Home to most successful startup stories in the country, Manila’s landscape has improved remarkably. The 2018 Startup Ecosystem Canvas revealed Manila as having an “Accelerating Ecosystem” because of the increasing support it is getting from the government, investment groups, and other stakeholders. Recent exits from startups such as ChatbotPH, Teko, and Coins.ph have also contributed to the stronger awareness about startups in the city. Recent findings of the 2019 StartupBlink Report revealed the Philippines ranking 54th among 202 countries, with the strongest startup ecosystem, Manila, as its frontrunner breaching the global top 100 for the first time.
“In order for Manila to move to the next stage, we recommend verticalization of support programs that specialize in specific industries such as FinTech, HealthTech, and PropTech and creation of a density center or cluster for housing, services, and spaces to increase collaboration among startups and ramp up their productivity,” said Meily. “Corporate engagement must also be strengthened and entrepreneurs must be engaged in the development of a favorable regulatory environment that addresses concerns relevant to the tech industry.”
Cebu, Bohol, Naga, Legazpi: The Next Wave Cities for Startups?
Aside from Manila, four other cities exhibited growth potential in their respective startup economies: Cebu, Legazpi, Bohol, and Naga.
Cebu is categorized under the Foundational Ecosystem due to an increasing density of startups, considerable number of co-working spaces, and strong regional networks with connections with Manila, the rest of Southeast Asia, and Silicon Valley. The city also benefits from the strong support from the government, with local officials taking the lead in developing the local startup ecosystem. To further elevate Cebu’s ranking, recommended key actions include the establishment of local incubators with accessible mentor networks, stronger support for local businesses, as well as more dynamic engagement with universities.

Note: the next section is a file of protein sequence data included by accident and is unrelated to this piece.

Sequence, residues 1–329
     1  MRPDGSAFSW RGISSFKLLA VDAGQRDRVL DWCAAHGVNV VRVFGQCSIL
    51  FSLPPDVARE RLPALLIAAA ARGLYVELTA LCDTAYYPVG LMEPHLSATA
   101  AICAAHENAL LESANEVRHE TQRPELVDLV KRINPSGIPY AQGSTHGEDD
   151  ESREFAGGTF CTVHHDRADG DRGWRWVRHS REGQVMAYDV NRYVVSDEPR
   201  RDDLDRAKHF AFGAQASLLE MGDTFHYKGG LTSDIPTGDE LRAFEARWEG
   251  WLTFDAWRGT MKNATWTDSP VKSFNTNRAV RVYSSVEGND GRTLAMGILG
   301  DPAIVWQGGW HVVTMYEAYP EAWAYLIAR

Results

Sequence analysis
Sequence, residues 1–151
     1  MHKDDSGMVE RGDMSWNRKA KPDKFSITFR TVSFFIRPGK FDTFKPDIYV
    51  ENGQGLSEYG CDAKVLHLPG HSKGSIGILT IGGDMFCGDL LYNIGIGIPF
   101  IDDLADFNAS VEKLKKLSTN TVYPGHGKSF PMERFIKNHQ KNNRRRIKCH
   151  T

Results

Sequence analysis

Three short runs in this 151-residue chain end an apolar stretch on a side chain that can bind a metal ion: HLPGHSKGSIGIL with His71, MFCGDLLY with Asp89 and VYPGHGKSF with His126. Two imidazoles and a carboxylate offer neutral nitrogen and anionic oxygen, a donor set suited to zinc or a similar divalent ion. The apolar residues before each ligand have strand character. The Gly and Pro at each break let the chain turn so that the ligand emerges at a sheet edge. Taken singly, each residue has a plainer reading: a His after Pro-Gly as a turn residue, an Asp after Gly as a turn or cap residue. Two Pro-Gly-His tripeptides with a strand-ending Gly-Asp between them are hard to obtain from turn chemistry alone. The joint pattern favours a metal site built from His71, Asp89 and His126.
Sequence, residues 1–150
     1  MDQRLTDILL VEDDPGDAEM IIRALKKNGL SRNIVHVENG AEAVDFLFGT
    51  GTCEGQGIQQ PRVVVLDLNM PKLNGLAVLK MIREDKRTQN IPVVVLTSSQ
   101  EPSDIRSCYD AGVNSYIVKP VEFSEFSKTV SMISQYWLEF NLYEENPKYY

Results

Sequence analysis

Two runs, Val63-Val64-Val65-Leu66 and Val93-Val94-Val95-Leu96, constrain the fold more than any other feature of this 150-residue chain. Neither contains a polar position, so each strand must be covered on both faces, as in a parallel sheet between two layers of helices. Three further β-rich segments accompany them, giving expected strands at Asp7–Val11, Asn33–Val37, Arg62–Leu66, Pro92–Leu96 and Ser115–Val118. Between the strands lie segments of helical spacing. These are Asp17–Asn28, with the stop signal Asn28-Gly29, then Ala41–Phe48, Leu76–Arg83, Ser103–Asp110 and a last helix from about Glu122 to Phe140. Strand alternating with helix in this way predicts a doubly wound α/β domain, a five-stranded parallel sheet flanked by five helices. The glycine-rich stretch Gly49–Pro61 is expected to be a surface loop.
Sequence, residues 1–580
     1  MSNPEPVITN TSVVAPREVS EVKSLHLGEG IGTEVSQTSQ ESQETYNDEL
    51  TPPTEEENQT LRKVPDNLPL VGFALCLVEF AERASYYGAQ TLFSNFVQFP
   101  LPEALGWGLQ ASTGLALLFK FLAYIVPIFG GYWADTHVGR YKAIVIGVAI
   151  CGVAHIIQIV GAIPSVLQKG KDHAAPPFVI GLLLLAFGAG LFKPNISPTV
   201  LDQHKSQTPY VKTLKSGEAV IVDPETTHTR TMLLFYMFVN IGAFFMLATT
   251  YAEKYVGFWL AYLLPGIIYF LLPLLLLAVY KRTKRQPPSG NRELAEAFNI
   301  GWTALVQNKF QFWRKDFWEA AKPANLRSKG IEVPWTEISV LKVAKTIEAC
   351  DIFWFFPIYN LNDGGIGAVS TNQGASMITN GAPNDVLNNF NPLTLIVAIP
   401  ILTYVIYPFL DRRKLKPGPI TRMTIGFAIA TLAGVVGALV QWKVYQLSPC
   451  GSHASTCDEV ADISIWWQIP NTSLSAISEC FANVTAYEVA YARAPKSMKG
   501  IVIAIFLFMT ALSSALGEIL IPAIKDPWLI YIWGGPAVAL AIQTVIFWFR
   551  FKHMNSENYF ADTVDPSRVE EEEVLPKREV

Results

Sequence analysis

Bohol’s potential to be a travel tech hub is also evident with efforts to develop the local talent and inspire Boholanos to be more involved in tech. The mapping effort revealed that these programs must be made sustainable for Bohol to reach its full potential. “Bohol has a lot of potential and this can be fully achieved by inspiring and mentoring young talents to build their own startups,” added Meily. Currently, Bohol is categorized as a Nascent Ecosystem characterized by a group of passionate people pushing to build a stronger startup community.
Visible support from local businesses and involvement of local universities is pushing Naga to be categorized as a Foundational Ecosystem. Additionally, the efforts of Naga’s local government units contribute to its fast-growing startups. Similarly, Legazpi’s startups are benefitting from programs with fund allocation and support from different government agencies. To continue this momentum, recommended actions include putting up an online information portal related to the local startup ecosystem and organizing more collaborative and networking events.
“The Philippines has a lot of potential hubs for startups—all it takes is for all stakeholders to come together and realize that great ideas can come from everywhere. To achieve our goal of advancing the Philippines’ startup ecosystem, there must be a concerted effort not just from Manila but from the countryside as well to cultivate talent and support burgeoning businesses locally” said Meily.
For inquiries on how you can map out your own city, visit www.qbo.com.ph or email email@example.com. To learn more about the QBO’s ecosystem mapping efforts, visithttps://www.facebook.com/QBOphilippines/.